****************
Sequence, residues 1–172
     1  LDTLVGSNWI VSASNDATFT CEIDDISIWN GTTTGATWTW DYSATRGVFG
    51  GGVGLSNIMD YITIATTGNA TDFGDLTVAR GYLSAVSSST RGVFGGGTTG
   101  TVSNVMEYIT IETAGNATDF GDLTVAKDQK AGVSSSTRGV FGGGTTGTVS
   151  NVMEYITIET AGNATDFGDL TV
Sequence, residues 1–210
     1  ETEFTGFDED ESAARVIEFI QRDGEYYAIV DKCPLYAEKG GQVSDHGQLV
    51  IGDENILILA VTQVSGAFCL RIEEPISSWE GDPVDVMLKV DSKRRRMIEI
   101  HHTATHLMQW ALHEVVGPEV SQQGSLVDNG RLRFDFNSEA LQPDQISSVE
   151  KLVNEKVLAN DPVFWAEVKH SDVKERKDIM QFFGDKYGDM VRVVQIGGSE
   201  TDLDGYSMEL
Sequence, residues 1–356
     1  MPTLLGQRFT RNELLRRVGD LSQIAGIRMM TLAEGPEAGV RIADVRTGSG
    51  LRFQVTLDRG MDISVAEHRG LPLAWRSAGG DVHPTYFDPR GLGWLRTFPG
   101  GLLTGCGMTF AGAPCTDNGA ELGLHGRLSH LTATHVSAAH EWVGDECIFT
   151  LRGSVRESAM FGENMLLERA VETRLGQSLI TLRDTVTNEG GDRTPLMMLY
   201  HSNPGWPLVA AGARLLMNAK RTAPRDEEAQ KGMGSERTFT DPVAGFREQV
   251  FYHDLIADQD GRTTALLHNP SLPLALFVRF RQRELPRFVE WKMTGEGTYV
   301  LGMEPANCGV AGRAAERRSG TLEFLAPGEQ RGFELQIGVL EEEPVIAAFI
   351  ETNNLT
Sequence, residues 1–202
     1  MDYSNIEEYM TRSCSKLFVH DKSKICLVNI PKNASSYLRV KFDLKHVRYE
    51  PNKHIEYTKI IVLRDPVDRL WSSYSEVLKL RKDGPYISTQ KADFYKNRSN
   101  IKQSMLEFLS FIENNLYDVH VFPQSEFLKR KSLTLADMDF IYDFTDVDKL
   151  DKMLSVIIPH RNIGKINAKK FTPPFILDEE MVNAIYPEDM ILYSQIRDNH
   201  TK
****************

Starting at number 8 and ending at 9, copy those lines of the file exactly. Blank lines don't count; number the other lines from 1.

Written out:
    51  IGDENILILA VTQVSGAFCL RIEEPISSWE GDPVDVMLKV DSKRRRMIEI
   101  HHTATHLMQW ALHEVVGPEV SQQGSLVDNG RLRFDFNSEA LQPDQISSVE